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Re: Archaeopteryx with bird book, was Re: Archaeopteryx flight
Tim Williams wrote:
I can answer that question in more than one way. Firstly, there are two
separate families of vultures (Old World and New World) that evolved
independently. There is also the marabou stork, a scavenging bird that
also has a bald head. So, that's three separate examples of baldness
associated with scavenging in large birds.<
Although the old and new world vultures are veiwed as not sharing recent
common ancestors, the new world vultures are viewed as arising from the
stork lineage (see Sibley and Alquist, 1990). So this narrows the list to
two taxa of bald headed scavengeres, at most.
Secondly, the life-style of scavengers like vultures is very specialized.
They will plunge their neck and heads deep into the carcass, and some
species specialize on feeding on the viscera (accessed via the anus). The
naked head and neck of vultures and the marabou is an adaptation to feeding
on (or rather, *within*) large mammal carcasses, from which they will gulp
down large chunks of flesh or viscera.<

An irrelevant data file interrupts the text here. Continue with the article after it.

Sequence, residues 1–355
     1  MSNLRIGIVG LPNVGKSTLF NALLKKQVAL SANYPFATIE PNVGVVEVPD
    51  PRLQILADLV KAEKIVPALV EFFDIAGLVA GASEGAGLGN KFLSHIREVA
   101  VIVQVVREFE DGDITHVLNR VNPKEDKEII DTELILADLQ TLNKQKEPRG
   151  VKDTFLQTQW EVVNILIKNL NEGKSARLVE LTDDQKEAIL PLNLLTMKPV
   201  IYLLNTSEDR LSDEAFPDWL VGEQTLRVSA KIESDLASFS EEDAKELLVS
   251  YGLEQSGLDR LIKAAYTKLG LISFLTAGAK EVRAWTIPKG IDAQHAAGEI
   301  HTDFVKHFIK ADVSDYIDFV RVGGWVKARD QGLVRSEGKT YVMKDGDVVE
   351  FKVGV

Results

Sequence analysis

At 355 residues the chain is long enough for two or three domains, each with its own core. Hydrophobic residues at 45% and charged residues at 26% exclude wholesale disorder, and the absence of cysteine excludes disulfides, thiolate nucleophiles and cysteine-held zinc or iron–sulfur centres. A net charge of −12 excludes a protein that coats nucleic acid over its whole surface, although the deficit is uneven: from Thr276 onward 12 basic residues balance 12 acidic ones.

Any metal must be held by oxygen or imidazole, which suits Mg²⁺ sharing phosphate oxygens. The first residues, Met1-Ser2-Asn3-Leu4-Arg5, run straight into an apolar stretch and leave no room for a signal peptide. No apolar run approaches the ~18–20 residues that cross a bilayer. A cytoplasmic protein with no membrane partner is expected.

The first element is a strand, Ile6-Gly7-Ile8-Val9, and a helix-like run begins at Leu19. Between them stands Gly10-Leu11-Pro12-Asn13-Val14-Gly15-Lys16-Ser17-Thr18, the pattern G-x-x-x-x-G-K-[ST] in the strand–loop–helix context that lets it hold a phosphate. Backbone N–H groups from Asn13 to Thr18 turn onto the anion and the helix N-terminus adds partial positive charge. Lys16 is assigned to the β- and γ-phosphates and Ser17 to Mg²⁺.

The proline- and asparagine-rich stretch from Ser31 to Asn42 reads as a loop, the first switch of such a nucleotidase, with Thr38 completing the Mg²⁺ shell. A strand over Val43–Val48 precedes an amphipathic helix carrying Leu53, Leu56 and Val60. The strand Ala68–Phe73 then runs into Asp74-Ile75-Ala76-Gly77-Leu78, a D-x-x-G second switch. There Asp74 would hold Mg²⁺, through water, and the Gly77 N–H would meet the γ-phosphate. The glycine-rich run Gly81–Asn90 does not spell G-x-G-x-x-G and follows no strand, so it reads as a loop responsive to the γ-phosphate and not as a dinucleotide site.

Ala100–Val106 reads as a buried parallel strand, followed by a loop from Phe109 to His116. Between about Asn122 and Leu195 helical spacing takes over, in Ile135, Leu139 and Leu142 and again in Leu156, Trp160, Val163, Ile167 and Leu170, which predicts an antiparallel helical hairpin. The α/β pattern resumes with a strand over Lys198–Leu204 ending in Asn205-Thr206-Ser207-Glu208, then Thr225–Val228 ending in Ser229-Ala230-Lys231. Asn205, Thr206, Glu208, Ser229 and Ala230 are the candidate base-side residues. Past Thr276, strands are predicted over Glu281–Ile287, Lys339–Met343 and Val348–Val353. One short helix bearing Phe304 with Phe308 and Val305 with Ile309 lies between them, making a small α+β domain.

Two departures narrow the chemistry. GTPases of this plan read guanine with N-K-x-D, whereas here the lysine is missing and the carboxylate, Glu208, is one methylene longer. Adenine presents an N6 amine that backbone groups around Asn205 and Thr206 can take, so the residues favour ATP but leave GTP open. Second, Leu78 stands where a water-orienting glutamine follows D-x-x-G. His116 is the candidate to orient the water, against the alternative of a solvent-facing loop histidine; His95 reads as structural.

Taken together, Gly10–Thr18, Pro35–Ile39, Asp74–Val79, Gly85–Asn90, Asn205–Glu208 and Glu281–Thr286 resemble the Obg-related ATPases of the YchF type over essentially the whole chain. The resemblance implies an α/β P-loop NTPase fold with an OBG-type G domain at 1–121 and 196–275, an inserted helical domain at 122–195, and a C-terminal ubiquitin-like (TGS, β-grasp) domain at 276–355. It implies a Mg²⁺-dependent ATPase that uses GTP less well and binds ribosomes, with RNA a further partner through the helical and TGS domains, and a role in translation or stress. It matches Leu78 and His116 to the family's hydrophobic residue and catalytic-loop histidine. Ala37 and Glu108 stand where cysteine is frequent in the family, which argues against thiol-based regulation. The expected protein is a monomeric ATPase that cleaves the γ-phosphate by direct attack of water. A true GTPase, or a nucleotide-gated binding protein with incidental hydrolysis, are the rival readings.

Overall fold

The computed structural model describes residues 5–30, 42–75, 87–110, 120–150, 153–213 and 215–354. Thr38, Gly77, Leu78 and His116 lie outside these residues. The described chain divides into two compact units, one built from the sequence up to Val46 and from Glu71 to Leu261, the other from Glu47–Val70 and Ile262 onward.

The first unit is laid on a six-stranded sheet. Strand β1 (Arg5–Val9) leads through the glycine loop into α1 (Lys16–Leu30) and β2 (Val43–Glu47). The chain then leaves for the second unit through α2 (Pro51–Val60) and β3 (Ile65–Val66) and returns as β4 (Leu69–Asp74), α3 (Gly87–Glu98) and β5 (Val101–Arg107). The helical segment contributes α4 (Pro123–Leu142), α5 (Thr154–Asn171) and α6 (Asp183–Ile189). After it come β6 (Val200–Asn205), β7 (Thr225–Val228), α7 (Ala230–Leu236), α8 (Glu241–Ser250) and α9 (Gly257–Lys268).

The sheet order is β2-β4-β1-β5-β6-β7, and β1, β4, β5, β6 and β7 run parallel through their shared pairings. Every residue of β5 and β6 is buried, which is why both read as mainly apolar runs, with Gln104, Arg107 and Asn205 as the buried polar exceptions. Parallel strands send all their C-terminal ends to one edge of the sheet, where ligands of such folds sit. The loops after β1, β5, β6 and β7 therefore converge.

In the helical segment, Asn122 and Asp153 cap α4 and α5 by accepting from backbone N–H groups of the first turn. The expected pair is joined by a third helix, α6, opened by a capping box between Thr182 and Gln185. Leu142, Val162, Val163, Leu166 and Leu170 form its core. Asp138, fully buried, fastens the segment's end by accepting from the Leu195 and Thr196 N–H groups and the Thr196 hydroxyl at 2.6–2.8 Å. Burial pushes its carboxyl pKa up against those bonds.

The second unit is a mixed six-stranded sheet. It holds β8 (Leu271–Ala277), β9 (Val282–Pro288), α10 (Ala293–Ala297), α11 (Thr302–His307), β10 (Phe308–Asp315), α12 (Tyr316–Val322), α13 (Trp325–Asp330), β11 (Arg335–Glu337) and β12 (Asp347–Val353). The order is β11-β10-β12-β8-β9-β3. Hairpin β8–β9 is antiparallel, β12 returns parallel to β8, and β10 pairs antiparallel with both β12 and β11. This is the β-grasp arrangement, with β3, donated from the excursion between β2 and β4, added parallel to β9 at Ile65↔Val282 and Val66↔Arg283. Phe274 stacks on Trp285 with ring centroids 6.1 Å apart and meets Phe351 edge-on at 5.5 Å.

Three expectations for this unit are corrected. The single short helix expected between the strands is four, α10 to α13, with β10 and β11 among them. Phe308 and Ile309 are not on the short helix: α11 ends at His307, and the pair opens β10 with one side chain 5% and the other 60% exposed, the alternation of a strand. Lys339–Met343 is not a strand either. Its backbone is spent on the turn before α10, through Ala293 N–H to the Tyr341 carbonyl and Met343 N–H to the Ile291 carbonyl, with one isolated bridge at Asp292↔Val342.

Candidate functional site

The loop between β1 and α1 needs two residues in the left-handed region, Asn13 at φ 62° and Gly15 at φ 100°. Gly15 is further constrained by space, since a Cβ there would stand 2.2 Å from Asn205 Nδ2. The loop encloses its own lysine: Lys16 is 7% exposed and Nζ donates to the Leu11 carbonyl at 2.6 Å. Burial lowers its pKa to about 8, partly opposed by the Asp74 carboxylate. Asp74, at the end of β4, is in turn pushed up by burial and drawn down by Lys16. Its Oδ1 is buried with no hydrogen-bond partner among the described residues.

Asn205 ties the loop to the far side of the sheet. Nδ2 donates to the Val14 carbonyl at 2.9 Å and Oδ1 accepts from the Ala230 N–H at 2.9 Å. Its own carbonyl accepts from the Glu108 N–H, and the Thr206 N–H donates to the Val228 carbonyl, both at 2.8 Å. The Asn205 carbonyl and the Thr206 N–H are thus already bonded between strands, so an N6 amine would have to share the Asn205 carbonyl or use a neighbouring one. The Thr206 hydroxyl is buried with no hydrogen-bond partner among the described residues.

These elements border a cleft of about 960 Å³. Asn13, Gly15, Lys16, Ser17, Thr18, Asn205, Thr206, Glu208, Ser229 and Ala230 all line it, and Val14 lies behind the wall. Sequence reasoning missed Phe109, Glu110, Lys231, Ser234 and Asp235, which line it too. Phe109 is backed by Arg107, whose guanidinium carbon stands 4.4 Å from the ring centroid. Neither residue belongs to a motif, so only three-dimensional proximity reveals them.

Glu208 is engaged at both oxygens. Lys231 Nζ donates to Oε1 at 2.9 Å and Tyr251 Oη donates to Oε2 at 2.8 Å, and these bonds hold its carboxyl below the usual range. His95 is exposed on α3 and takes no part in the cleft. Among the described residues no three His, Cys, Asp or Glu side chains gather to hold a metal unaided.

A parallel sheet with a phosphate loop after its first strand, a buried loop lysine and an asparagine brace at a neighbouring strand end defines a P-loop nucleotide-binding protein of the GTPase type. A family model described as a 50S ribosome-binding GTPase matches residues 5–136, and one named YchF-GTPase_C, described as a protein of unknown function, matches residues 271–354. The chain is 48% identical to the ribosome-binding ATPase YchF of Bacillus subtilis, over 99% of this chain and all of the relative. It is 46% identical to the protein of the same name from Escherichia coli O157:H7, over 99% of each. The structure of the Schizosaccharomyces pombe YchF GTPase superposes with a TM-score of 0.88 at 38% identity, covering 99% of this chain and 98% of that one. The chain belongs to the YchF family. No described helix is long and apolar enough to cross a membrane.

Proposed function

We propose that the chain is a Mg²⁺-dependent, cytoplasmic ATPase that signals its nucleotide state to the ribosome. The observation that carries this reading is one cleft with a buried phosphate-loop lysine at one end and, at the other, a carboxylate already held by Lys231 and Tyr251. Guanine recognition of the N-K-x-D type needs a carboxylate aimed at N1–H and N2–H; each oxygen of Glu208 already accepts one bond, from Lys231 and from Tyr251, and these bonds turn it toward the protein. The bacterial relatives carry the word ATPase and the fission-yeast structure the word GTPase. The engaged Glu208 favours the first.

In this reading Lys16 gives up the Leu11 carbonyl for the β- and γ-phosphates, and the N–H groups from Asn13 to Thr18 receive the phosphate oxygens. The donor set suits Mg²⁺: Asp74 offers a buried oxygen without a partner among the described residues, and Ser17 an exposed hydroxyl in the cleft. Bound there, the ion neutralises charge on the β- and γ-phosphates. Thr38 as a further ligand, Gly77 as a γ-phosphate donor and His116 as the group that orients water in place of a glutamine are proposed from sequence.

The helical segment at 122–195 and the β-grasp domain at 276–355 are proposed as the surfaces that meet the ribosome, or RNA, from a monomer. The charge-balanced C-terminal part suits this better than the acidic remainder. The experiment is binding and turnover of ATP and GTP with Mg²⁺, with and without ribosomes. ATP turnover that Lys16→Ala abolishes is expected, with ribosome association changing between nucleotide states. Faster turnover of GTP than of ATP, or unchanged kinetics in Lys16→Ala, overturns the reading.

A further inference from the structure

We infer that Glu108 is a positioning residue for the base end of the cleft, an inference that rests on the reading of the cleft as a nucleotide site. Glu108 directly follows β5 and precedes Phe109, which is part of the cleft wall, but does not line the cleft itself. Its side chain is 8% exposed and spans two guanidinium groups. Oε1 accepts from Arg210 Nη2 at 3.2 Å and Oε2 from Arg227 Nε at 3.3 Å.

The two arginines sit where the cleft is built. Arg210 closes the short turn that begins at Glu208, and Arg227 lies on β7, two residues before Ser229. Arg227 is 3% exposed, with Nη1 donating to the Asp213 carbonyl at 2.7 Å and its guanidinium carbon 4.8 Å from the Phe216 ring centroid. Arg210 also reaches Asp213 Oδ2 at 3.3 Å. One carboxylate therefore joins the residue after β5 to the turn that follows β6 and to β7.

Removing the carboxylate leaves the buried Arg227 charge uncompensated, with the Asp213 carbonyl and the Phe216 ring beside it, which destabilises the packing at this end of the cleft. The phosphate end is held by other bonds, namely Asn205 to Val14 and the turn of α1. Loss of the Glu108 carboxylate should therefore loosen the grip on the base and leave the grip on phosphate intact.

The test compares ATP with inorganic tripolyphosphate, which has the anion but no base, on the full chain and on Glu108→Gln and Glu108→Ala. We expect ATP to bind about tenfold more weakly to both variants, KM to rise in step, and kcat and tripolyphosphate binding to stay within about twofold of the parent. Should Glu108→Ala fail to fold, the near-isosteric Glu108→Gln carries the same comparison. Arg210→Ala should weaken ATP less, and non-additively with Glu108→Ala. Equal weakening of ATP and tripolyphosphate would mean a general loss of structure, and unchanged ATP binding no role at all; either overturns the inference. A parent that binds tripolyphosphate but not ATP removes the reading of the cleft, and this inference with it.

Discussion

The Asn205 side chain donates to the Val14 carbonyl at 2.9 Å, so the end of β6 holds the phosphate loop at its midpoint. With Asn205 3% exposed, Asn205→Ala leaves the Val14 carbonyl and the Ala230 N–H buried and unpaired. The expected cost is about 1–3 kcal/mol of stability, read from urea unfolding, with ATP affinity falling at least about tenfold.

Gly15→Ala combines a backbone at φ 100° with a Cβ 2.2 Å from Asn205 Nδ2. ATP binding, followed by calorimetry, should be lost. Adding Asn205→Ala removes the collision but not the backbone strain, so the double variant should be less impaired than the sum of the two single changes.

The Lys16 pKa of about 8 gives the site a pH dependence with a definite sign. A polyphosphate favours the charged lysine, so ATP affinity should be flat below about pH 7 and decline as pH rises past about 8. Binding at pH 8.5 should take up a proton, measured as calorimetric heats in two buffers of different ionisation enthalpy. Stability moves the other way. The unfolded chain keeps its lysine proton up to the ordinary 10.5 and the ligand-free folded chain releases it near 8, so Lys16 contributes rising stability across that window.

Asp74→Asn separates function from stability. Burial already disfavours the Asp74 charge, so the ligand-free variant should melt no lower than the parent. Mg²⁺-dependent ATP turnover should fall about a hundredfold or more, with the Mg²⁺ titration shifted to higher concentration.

The feeding behavior of vultures is in large part a function of their size.
If you are a big avian scavenger, you can't physically enter into the body
cavity of most dead animals, so, by necessity, you have to insert your head.
But small scavengers (like corvids---and Archie, by the way) are/were able
to hop inside a rib cage of a relatively small animal without much problem.
This is well documented, and I have personally flushed several scavenging
ravens from deep inside the chest cavity of a coyote.
The thing that bugs me about the often-stated idea that bald heads in birds
are somehow a preferred adaptation for a scavenging lifestyle is that there
isn't a shred of evidence to support it. One, maybe two, taxa of large avian
scavengers are bald, but the large majority of avians who scavenge for a
living are not.